Pete--Maybe my mindset, then, is that I have not been able to fully transition to social media. Sure, I use Twitter and Facebook, but they have not (likely cannot) replace what I used to get with LOP. Either way, I'm turning away from those negative attitudes. It's much easier to enjoy what I want to watch than bitch about stuff I feel compelled to watch just because it's tehre.

    Deg--I am appreciating Tanahashi more now that he isn't constantly battling Okada for the World Title. I like him better in smaller doses, too. I agree we can get energized by focusing on other promotions and can get most of the way back; my point is we can never get ALL the way back, which you agreed with.

    Kleck--You're welcome. Yes, a moral compass is a good way to look at it.

    Skul--Actually, to my perpetual chagrin, I read a shot-for-shot description of the series finale of Angel, so I know it is out there, but I haven't come across it since, so didn't know it was still somewhat prevalent; maybe because I have chosen not to. Sometimes I think we have too much power, sometimes I don't think we have enough. Sometimes I want to slap Vince McMahon in the face and say, "How can you not hear what the crowd is saying?" But, that's the negative side. I don't have to watch WWE to enjoy professional wrestling. I'd like to; it's what hooked me originally, it's what I grew up on, but I don't have to and I love that part about the tiny size of the world today.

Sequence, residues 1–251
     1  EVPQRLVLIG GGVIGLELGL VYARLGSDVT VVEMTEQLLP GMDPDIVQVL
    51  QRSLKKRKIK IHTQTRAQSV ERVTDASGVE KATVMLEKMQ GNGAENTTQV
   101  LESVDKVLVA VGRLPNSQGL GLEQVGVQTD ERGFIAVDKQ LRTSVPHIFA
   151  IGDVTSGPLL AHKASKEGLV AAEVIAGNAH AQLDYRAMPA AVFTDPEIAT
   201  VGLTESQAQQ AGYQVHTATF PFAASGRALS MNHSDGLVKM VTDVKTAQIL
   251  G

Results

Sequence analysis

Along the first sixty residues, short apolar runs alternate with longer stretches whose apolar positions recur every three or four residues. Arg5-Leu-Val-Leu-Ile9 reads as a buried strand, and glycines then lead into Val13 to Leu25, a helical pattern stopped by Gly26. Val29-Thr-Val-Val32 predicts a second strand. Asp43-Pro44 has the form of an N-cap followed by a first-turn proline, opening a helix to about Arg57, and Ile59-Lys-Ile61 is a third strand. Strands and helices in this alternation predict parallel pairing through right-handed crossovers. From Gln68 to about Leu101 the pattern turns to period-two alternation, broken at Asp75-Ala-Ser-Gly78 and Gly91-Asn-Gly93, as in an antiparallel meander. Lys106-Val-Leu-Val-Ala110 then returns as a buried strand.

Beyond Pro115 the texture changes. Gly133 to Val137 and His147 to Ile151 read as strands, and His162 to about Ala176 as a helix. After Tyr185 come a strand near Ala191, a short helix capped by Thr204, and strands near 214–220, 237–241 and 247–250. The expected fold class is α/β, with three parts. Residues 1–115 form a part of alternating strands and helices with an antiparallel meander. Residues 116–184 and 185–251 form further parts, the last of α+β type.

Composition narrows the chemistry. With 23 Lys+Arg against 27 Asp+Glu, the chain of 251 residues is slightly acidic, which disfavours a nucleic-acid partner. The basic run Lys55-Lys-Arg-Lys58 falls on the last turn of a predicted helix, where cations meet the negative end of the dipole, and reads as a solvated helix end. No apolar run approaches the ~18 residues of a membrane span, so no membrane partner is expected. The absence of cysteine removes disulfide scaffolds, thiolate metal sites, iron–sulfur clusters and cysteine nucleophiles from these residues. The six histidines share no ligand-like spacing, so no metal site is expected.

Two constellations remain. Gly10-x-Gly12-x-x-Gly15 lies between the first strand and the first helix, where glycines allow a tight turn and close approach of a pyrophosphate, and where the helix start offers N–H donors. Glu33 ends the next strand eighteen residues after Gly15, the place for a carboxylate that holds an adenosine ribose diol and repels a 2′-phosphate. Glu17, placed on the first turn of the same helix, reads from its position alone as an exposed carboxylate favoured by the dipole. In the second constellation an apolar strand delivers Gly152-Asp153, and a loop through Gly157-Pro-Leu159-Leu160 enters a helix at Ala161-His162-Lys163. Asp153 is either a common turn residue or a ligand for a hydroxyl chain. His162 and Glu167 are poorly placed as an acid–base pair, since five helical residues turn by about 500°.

Mizzie--Yeah, the nostalgia of going back to the WCW days--even ones I missed--is extremely enjoyable. You're right, WWE is partly to blame, and what's worse, they sucked us into it and then keep ruining the fucking payoffs! I'm going to go watch some Destruction in Hiroshima now.